It was even during an adult coed league game where he met his match. An opponent scored a goal on him. With his pride slightly hurt, he was intrigued enough to make her his wife of now five years and mother of their two children.
Jason’s years of experience as a goalkeeper brought him many proud memories but unfortunately also increased his likelihood of severe joint damage. There wasn’t one specific incident that injured Jason’s knee. But it was the recurring impact with turf and numerous knee-on-knee collisions that led to the painful wear-and-tear of his knee cartilage and, ultimately, into the operating room.
After an unsuccessful knee surgery at a community hospital, Jason found himself in the same amount of pain before surgery. Not only that, but his overall health was declining due to his unimproved physical state.
Jason has worked at the University of Cincinnati for eight years, the last five spent in the Department of International Admissions. Visibly in discomfort, several of his colleagues encouraged him to see fellowship-trained Brian Grawe, MD, UC Health orthopaedics and sports medicine surgeon and associate professor in the Department of Orthopaedic Surgery at the UC College of Medicine.
Dr. Grawe found Jason’s knee in the same condition as someone who had been in a traumatic car accident.
“Jason had an osteochondral lesion of the knee. Many people can develop this due to genetics, one specific injury or years of wear-and-tear,” Dr. Grawe said. “For Jason, he had it as a result of his previous surgery” — and the mismatched bone and tissue plugs previously placed into Jason’s knee two years prior had failed Dr. Grawe was surprised that those types of plugs were used because they are proven to be unsuccessful.
Dr. Grawe discussed Jason’s options with him—from a traditional joint replacement to a new, alternative joint preservation technique called a cartilage transplant. In this kind of transplant, bone and cartilage from a deceased donor is precisely shaped to replace diseased cartilage and to cushion the exposed bone ends of the patient, allowing the joint to properly glide.
Dr. Grawe regularly performs knee cartilage transplants.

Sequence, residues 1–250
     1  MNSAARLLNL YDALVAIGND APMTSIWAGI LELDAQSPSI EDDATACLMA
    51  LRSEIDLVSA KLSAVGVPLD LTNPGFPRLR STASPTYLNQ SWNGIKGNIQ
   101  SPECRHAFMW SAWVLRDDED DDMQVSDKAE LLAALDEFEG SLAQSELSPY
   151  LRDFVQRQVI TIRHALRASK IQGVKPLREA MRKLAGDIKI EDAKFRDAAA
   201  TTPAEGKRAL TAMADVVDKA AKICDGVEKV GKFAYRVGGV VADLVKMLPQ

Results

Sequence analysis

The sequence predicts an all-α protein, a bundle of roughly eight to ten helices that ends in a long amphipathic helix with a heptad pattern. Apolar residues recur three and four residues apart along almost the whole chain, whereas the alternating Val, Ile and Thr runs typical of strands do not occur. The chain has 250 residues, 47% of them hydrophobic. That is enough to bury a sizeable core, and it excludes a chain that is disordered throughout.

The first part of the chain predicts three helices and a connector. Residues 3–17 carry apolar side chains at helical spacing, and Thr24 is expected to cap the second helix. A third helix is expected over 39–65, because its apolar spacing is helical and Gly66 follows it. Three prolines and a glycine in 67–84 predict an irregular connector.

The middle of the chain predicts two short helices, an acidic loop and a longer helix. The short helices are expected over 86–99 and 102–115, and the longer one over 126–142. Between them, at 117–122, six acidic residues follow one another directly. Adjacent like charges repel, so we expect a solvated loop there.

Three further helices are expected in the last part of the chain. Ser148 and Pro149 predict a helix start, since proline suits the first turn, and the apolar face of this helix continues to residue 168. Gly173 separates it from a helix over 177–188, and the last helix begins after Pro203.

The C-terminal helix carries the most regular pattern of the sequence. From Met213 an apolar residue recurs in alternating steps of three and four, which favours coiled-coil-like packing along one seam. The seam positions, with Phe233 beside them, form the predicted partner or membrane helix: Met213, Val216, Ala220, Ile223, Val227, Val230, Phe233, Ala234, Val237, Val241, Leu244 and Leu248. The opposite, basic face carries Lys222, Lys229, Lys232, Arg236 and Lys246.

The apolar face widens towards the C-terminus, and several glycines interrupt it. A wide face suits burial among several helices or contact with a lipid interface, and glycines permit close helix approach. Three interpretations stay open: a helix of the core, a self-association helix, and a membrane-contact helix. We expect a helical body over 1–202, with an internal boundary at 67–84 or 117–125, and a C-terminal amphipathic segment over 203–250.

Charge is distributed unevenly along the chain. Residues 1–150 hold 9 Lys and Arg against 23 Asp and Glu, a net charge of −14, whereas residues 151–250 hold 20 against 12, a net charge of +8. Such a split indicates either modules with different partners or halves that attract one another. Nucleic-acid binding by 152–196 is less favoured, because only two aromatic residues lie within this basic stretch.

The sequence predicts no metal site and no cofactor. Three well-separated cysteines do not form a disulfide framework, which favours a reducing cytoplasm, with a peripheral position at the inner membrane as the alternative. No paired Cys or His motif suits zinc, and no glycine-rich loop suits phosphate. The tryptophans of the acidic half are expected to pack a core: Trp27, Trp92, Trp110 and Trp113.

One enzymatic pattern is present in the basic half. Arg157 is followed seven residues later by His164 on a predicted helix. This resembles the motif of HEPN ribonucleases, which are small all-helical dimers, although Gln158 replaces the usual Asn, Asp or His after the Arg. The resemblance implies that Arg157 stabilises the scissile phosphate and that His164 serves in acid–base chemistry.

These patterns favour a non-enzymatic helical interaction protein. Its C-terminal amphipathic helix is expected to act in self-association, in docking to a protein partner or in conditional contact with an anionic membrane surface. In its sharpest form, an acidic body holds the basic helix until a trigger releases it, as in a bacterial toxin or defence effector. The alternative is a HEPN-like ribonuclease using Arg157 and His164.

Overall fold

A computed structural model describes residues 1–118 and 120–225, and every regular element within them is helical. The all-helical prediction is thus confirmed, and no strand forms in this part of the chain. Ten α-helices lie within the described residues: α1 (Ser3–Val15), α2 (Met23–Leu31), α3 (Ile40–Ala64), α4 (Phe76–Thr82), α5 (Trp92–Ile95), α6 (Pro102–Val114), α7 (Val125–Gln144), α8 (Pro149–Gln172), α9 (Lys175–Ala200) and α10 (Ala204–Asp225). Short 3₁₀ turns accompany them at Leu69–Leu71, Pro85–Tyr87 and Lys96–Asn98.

“It has to be the right surgery, at the right time, for the right patient,” Dr. Grawe said. “Plus, we have the expertise here at UC Health to pull off these leading-edge procedures with success. This is truly one of those academic differences.”
Jason said: “As soon as I met with him, I knew I wouldn’t go anywhere else. Dr. Grawe took the time to explain why the previous procedure failed and further clarified why cartilage transplant surgery would work for my knee.”
As with any transplant procedure, there is a waiting period for a donor to become available. For a donor to be considered a match for Jason, the person would need to be within ten years of his age.
“He also had to receive a preoperative MRI to make sure the donor tissue had similar geometric characteristics, otherwise known as a radius of curvature match,” said Dr. Grawe.
But even if a match was identified, Jason would have to lose the weight he had gained after his first knee surgery in order to be considered for this type of procedure.
“Surgery was a turning point in my life overall. I was playing soccer three to four nights a week, and it was taking a toll on my body,” Jason said.
Jason’s motivation to be active was no longer to play competitive soccer again but, rather, to be able to chase his toddler.
He began pre-surgery physical therapy, started eating healthier and ultimately lost 50 pounds in three months. It was shortly thereafter, and on his birthday, that he got “the call” every transplant recipient waits for.
In March 2019, a cartilage donor was available, and he had to schedule the surgery within a matter of days before the tissue became unusable.
Before his surgery at UC Health, Jason struggled to go down the stairs, would always use the elevator and couldn’t bend down to pick up his son.
Now, nearly a year post-operation with two cartilage plugs and two screws, Jason is working toward full mobility.
“There’s still some stiffness but my muscles are strengthening. I can now do all of these things at a greater mobility,” Jason said. “It’s a process, but 1,000 times better. I can’t recommend them highly enough.
“Life happens, and UC Health is there for you.”